This book uniquely combines CBT with the Department of Health stepped care model to provide the first comprehensive case study-approach textbook. A step-by-step guide to using CBT, the book is structured around case examples of clients who present with the most commonly encountered conditions; from mild depression and GAD to more complex, enduring symptoms and diagnosis like OCD, personality disorder and social phobia.

The distinctive practical format is ideal in showing how to put the principles of CBT and stepped care into effect. As well as echoing postgraduate level training, it provides an insight into the experiences the trainee will encounter in real-world practice. Each chapter addresses a specific client condition and covers initial referral, presentation and assessment, case formulation, treatment interventions, evaluation of CBT strategies and discharge planning.

The book also includes learning exercises and clinical hints, as well as extensive reference to further CBT research, resources and reading. It will be invaluable for trainees on Improving Access to Psychological Therapies (IAPT) programs, and anyone studying graduate CBT courses.

Client Presenting with Anorexia Nervosa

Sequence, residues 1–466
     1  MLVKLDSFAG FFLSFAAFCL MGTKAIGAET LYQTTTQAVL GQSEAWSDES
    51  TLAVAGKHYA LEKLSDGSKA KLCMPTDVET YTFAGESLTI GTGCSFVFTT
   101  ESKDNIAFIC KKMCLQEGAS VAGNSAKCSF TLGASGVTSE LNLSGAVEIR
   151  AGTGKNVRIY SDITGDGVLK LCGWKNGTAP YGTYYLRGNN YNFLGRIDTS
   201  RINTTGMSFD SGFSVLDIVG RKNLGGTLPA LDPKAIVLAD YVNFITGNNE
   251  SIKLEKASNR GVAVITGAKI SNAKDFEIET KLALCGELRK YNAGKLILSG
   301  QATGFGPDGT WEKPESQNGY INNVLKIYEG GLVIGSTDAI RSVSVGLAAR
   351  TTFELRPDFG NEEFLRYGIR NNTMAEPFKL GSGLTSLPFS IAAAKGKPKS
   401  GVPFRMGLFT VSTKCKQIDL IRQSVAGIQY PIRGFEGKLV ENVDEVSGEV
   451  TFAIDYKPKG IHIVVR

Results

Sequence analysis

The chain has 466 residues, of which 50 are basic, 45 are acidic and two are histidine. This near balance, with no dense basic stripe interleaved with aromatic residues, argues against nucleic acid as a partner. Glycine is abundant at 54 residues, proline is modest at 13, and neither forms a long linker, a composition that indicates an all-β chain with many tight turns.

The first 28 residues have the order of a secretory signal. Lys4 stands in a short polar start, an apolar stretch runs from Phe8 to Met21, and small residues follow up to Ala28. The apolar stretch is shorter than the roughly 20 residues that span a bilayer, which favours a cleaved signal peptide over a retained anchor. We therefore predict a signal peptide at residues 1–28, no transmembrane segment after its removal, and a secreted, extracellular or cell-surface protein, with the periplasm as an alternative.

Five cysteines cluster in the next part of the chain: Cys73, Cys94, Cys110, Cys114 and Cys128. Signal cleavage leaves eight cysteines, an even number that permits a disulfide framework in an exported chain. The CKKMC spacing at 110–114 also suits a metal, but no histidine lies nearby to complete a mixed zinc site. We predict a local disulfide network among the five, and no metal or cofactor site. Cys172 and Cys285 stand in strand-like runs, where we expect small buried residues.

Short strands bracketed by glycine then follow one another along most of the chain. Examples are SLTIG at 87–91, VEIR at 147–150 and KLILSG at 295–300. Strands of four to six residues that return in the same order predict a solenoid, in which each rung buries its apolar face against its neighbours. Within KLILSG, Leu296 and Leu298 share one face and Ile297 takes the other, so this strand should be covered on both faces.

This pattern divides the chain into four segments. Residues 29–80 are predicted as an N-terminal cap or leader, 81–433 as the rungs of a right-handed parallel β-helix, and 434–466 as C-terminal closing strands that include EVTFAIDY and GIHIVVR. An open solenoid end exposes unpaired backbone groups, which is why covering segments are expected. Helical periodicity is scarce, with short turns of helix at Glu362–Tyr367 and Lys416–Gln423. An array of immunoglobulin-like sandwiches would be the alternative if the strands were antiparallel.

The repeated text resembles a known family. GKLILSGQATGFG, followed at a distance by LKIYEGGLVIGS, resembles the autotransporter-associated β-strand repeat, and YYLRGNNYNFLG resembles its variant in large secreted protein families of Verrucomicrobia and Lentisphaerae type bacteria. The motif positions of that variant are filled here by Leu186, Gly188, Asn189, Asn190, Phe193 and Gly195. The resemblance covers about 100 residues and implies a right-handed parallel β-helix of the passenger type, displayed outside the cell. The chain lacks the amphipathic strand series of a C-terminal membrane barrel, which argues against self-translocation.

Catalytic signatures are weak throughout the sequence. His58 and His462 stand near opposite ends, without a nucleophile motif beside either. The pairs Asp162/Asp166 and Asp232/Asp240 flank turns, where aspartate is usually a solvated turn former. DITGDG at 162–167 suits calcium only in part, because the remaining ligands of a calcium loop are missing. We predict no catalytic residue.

Client presenting with anorexia nervosa

Learning Objectives

By the end of this chapter you should be able to:

  • Identify the symptoms of anorexia nervosa
  • Describe the cognitive perspective for anorexia nervosa
  • Discuss a cognitive formulation which addresses dysfunctional underlying assumptions
  • Outline a cognitive and behavioural treatment programme which takes account of the physical and psychological aspects of anorexia nervosa
  • Recognise the treatment length for severe and enduring anorexia nervosa

Diagnostic Criteria

Anorexia nervosa (AN) can best be described as a syndrome condition wherein a number of symptoms occur together causing particular and observable outcomes. The DSM-IV-TR (APA, 2000) 307.1, diagnostic criteria states that the person experiencing anorexia nervosa refuses to maintain body weight, their weight is less than 85 per cent of that expected for their age and height ...

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